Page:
Thursday, May 6, 2010

Prague, Rain and Common Sense

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Do I have a relationship with Prague? We’ve been on a few dates, had a few fights, a few laughs, a few beers. I suppose you could say we’re getting to know each other slowly. I just got back from a rainy weekend in Prague. It took me back, so I’m taking you there.

Sixteen years ago, Prague and I were much more alike. I had long hair; Prague still had post-cold war charm. I was standing on a train platform in Nürnberg all those years ago with a Eurorail pass and the desire to see every inch of this planet, both burning a hole in my pocket. The next train was to Prague, and I took it.

The main station in the Czech capital was crawling with rain-soaked touters trying to make a koruna from the fresh influx of dry tourists. I didn’t have a hotel (or very much common sense), so I allowed myself to be taken in by a woman offering a room for 10 dollars a night. She was dripping wet and had an impressive smoker’s cough. My travel guide had warned against leaving with such people, but--as I’ve just said--I didn’t have much common sense.

“Where is your home?” I asked the woman once we were on the train.

She smiled at me with tarred teeth and said, “Rainy.”

OK. This response answered so many questions. I tried German: “Sprechen Sie Deutsch?”

Ja, ja,” she replied.

Super,” I said. “Also, Wo wohnen Sie denn?” We’d passed seven or eight stops, and I was beginning to think the woman didn’t live in Prague at all.

Ja, ja,” she said. “Rainy.”

So, I suspected at this point that the woman didn’t speak anything but Czech, which I didn’t speak. The train rolled on. The woman kept smiling. “Rainy.”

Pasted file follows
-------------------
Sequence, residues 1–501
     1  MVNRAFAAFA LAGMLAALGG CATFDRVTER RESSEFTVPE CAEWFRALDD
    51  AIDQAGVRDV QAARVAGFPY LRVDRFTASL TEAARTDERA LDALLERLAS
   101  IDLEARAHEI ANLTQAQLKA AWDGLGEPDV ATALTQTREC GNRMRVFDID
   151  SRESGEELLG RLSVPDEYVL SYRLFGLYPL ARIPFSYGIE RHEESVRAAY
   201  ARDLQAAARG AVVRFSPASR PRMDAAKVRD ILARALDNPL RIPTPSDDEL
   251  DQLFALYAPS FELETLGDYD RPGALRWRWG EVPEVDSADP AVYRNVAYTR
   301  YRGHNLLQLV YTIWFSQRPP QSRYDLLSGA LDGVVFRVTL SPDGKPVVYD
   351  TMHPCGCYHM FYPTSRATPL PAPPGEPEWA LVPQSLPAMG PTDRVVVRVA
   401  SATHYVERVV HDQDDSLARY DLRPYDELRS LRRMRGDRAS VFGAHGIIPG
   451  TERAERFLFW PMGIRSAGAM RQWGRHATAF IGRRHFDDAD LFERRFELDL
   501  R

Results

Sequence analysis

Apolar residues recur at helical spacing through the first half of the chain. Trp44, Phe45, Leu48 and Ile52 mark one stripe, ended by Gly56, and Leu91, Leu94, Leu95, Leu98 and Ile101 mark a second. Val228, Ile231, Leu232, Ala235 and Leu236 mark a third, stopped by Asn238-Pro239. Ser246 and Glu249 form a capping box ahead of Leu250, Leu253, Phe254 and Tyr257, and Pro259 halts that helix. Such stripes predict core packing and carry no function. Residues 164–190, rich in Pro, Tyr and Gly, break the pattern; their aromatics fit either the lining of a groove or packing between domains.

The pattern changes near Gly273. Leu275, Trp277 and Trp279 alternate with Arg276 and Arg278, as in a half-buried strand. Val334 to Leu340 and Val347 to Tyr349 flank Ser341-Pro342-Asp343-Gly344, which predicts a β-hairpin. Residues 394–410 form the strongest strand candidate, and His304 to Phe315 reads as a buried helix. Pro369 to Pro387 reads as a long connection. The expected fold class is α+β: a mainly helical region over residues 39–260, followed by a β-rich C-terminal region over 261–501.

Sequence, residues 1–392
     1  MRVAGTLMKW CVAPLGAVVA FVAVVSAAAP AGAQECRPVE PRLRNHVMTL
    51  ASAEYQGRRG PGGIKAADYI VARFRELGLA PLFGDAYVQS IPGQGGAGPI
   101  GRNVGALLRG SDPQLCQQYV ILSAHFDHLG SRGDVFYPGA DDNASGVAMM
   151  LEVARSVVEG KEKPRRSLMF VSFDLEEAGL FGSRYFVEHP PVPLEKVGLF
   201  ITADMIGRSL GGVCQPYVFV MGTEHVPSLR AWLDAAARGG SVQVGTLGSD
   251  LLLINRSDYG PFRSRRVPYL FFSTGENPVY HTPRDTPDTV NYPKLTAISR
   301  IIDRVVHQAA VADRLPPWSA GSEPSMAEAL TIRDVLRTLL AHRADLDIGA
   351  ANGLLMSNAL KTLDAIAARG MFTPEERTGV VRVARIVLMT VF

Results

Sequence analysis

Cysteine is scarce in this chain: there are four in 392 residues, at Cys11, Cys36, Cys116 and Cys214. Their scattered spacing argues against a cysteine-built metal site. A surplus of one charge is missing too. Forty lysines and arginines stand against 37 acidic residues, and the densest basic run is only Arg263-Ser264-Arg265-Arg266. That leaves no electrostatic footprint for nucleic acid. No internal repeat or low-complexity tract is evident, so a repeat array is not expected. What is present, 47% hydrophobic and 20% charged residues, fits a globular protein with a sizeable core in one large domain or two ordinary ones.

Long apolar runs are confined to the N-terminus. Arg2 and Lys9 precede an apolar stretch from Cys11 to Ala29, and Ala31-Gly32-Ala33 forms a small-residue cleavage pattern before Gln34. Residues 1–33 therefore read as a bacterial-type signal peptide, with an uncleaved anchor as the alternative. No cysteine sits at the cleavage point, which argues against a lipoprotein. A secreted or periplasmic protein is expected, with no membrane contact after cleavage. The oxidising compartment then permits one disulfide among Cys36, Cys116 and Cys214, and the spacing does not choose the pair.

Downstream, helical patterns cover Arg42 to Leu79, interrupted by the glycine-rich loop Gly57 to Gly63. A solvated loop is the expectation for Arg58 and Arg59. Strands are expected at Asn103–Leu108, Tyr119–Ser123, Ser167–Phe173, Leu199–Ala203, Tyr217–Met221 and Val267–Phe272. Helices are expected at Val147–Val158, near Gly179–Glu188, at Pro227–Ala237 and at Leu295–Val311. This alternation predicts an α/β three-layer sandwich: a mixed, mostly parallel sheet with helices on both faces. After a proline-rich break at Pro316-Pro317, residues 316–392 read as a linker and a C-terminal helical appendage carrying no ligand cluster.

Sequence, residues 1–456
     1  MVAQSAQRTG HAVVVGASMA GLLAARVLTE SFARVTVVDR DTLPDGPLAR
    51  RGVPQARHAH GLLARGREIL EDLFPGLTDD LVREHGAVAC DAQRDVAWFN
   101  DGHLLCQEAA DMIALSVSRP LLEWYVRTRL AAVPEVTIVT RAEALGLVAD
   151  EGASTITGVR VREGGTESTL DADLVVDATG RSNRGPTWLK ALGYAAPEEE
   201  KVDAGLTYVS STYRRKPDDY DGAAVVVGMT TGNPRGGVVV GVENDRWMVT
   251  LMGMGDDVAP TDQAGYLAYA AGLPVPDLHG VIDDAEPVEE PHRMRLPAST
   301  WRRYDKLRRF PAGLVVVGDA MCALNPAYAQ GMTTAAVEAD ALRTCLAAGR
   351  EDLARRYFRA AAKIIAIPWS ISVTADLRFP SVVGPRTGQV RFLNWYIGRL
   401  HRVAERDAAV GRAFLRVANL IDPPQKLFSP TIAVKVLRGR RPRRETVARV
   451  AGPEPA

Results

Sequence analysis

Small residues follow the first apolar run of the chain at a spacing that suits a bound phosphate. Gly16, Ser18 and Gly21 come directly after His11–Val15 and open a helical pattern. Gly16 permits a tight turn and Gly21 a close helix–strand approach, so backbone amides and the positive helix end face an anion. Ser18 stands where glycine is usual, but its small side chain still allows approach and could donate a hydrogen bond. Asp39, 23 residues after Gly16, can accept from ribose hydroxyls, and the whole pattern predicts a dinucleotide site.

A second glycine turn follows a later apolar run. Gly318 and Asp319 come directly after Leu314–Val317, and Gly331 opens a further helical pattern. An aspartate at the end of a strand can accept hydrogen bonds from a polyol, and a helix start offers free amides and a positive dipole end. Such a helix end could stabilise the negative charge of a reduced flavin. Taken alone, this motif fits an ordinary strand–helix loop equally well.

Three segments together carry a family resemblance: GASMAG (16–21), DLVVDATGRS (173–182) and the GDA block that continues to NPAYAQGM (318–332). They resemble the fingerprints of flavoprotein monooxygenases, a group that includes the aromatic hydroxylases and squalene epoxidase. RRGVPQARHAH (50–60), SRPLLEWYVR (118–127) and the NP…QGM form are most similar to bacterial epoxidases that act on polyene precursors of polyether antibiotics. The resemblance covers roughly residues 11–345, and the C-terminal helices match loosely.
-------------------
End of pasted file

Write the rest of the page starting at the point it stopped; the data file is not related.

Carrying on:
“Yes,” I said, “Rainy.”

The apartment was about thirty minutes outside the city in a run-down high-rise building. The room where I was expected to sleep was the only bedroom in the apartment. The woman and what might have been her adult son apparently slept on the floor in the kitchen when they had visitors. She showed me a long list of people and their passport numbers who’d slept in their bed. Yes, oh my Lord. Live and learn. Common sense does not come easy. You might have to sleep in some old woman’s bed (which she probably shared with her adult son) before the dawning comes.

When the next morning dawned, I got up early to take a cold bath—cold because I couldn’t figure out how to get the hot water to work. I then told the “adult son” that I’d be looking for other, more appropriate, accommodation. I could have told him that Jupiter was falling from the sky; he didn’t understand anything I said.

I took the train back to the main station and went straight to the Tourist office.

“You should never go home with those people,” the woman said at the “Acomodations” window.

“Yes, I know,” I said.

“But you went home with one, so you obviously don’t know,” her look said.

“OK, stop looking at me that way. I’ll be smarter in about sixteen years. Give me time.”

“I like your sweater,” she did not say, but I wished she had.

“Thank you. It makes my shoulders look broader,” I said as she handed me the voucher for the four-star hotel I’d just booked in the center of the city.

On my first visit to Prague I met some nice people (none of which at the main station), had my first view of the Prague Castle (one of the most stunning views in the world) and learned one of my first traveler’s lessons:

Ignore anyone who approaches you in a train station. Whatever they want from you is probably not anything you want to give them.

I’ll be remembering Prague for the next few weeks, so Ahoj! for now, but I’ll be back with more.

I must be off,
Christopher

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Christopher Allen is the author of Conversations with S. Teri O'Type (a Satire)